Delia D’Ambra: Unfortunately, in the commotion of the moment with the fire alarm blaring, people brushing past me, and me trying to juggle a bunch of stuff in my hands…my recorder stopped recording.

I don’t know if I hit a button or what, but either way…I wasn’t able to capture my brief face-to-face interaction with doctor Vega as we were walking out.

For about 2 minutes we spoke in the corridor right outside the ballroom amidst clusters of attendees and the alarm still echoing through the building.

His first words to me were that he did not appreciate me quote– “ambushing him” and that he’d be happy to sit down and talk about the John Welles case any time.

He gave me his business card with his direct contact information on it and said I could reach out to him for a formal interview and he would gladly talk things through with me.

I told him I’d had no intention of ambushing him but felt that speaking at the meeting was necessary considering all the information I’d brought up and the fact that up until that point I’d only gotten minimal cooperation from his office.

We agreed I’d reach out and could go from there…then we both left, in opposite directions.

A few hours later when I’d returned home from Orlando, I sent doctor Vega an email requesting an interview.

The next day he replied…saying quote—unfortunately, I now understand from speaking with staff at the medical examiners commission that you filed a formal complaint against me on Tuesday, August 3rd, the day prior to the meeting.  Accordingly, I will not be able to speak with you about the case, nor can I have any further correspondence with you until that issue is resolved.”–end quote.

This email frustrated me for one big reason…

I had specifically asked Chad Lucas when we spoke prior to the MEC’s meeting whether or not my request to the board would be considered an official complaint against doctor Vega.

I specifically said that I did not want to blast Vega in a formal capacity…I simply wanted to bring my concerns to the attention of MEC board members.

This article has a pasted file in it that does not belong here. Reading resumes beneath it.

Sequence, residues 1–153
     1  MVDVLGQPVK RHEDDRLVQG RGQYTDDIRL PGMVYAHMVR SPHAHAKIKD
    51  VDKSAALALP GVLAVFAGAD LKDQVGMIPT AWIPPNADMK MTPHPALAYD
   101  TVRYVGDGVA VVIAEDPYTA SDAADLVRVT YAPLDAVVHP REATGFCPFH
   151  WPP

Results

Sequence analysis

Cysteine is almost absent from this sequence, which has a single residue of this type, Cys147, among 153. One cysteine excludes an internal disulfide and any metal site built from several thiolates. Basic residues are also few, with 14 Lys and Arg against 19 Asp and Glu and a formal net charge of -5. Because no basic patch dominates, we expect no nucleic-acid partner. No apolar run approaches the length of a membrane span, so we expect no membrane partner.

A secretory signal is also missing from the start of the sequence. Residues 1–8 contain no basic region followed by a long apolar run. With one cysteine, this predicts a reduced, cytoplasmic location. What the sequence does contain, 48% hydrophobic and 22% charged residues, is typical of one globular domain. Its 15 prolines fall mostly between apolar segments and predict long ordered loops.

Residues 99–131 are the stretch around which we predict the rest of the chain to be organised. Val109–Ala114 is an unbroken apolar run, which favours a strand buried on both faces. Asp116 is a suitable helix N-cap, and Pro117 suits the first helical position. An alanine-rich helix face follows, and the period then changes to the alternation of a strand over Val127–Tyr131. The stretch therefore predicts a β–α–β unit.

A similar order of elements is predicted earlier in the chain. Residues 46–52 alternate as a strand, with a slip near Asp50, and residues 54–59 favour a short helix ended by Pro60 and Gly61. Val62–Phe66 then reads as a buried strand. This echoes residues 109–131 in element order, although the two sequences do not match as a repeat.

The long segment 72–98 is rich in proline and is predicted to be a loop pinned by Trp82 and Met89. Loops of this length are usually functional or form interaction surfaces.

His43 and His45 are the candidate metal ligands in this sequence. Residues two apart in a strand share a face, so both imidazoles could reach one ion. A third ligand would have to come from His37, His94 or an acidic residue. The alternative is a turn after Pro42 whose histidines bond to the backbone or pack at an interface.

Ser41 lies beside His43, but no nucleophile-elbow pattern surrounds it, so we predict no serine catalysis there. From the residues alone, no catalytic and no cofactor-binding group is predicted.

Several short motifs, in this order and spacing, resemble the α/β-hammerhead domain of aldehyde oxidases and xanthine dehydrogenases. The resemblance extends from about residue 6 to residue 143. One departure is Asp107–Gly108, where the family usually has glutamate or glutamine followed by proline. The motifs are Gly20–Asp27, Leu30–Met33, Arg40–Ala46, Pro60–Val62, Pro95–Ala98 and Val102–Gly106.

Over the phone and via email, Chad assured me that what I’d submitted for public comment would not qualify as an official complaint.

But some time between our conversation on the afternoon of August 3rd and the morning of August 4th… That had changed.

When I expressed my disappointment about the mix up to doctor Vega and Chad….Chad’s response suggested that the only way to remedy the situation was for me to officially withdraw what I’d submitted.

It felt like a trap…and I wasn’t going do it.

I informed the MEC that despite the unfortunate mess they’d made by categorizing my request as an official complaint…I wasn’t going to take back what I’d said or asked of them.

If Vega wanted to talk with me…my door was always open.

And that’s where we left it…

Until October 22nd— almost three months after the quarterly meeting.

The Florida MEC sent me an official letter informing me that they’d found no probable cause to pursue my request.

The full letter is available on our website if you want to read it.

The two big things they addressed were—-

One—-that the MEC board believes doctor Vega’s amendment to John Welles death certificate was justified since it came after a thorough review of materials from the original death investigation and law enforcement investigations as well as the report provided by Bevel, Gardner and Associates.

And two—under Florida law, doctor Vega has the ability to review historical cases and provide professional medical opinions without the consent of previous medical examiners who worked on a case.

In other words—Vega didn’t have to consult doctor Anderson before making his change to the manner of death.